The Policy Shop’s managing director Sean Byrne tells Caitlin Morrison why growing the broker’s key lines of business is more important than acquisitions
▶ How did the The Policy Shop get started?
It was 1992, I was at Hill House Hammond in Leicester, a company that I really enjoyed working for. We had just been bought by Norwich Union and it seemed to me that the nature of the business might change. I was also looking at the possibility of starting a new brokerage with a quasi-direct feel to it, because the direct writers were having a big impact. I thought we could have a traditional broker look and feel but have one centre that served the UK. So I handed in my notice and started The Policy Shop from very small origins. There were just two of us, with a plan to go local in personal lines, then regional and then eventually go national, which we did in 2002.
▶ How did you develop the business at the beginning?
We went into the national bike market, then vans and then onto private car.
Household we left alone for a while because we wanted to concentrate on the motor lines. In 2007 we decided to move into the household market too. It has been very good to us, and now accounts for around £9m GWP.
We have spent the last three years developing our online journey and our ability to write very non-standard property insurance, like criminal convictions, multiple claims, floods, subsidence and non-standard construction.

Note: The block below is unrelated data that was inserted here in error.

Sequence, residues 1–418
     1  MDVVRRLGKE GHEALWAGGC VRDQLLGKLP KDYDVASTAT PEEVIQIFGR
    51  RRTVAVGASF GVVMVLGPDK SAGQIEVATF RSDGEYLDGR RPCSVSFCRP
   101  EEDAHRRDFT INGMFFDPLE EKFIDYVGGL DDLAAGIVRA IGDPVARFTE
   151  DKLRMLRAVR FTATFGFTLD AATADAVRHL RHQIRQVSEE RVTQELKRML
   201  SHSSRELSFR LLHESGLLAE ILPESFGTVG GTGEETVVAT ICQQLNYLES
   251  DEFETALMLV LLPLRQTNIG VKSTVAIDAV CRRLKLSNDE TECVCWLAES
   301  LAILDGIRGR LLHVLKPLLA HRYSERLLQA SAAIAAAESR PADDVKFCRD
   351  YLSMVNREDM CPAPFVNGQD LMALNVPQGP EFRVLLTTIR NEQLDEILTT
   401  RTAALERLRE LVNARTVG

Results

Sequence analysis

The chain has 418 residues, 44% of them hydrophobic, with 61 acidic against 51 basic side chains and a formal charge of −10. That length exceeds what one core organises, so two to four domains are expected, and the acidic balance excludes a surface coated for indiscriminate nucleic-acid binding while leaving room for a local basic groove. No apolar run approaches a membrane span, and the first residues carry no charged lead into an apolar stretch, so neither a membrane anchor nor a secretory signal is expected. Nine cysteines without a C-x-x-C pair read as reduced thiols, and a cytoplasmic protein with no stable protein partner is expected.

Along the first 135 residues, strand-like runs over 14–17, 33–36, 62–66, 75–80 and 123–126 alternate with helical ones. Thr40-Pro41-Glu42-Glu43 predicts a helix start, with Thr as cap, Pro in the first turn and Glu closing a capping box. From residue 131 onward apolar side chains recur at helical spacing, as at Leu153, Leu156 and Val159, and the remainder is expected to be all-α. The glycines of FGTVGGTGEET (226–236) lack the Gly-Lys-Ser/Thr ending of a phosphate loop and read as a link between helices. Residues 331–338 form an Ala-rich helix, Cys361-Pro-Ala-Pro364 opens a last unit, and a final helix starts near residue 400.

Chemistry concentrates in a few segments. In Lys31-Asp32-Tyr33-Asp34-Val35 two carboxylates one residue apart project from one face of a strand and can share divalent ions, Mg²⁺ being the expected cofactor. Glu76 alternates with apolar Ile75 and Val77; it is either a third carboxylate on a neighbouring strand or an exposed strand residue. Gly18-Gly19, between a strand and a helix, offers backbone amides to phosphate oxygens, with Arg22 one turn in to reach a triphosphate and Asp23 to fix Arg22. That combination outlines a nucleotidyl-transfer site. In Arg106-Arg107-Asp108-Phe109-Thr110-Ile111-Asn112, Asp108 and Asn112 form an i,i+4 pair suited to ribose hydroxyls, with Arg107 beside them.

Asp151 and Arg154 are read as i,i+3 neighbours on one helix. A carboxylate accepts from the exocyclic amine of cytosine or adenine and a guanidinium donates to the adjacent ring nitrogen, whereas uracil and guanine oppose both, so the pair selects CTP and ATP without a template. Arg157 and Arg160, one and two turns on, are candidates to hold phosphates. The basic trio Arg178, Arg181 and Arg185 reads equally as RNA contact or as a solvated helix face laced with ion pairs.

We’ve taken a long time to have a really vigorous entrance to the market because we wanted to get our distribution right. We wanted to make sure we had as many leads as possible but now we’ve developed, through Transactor, a very smart online journey to deal with non-standard home, it works very well for us.
▶ Which other lines does the business operate in?
The niche and non-standard space. With private car we look at the distressed end of the market, that’s convicted and multi-convicted driver, that kind of thing.
On the commercial vehicle side we are pretty much standard but we do have a specialist vehicle unit in the business which looks at non-standard risks. We have pulled out of the motorcycle market – I think the market is not as useful as it used to be because of the lack of premium.
Making any profit when you’re looking at cost per acquisition of £40-50 on a £90 premium is very difficult, there’s not much meat on the bone.
We have a fledgling commercial offering which is looking at SME to complement our commercial vehicle offering. We are also looking to medium-ticket commercial business in order to broaden our share of the market.
▶ Have you made any acquisitions?
No. Our GWP is currently at £25m and we want to move that on to £45m in 2016. It will be done with organic and dynamic growth in the markets we choose and by looking at smarter distributions and a more technical approach to our business.
▶ Could acquisitions be part of The Policy Shop’s future plans?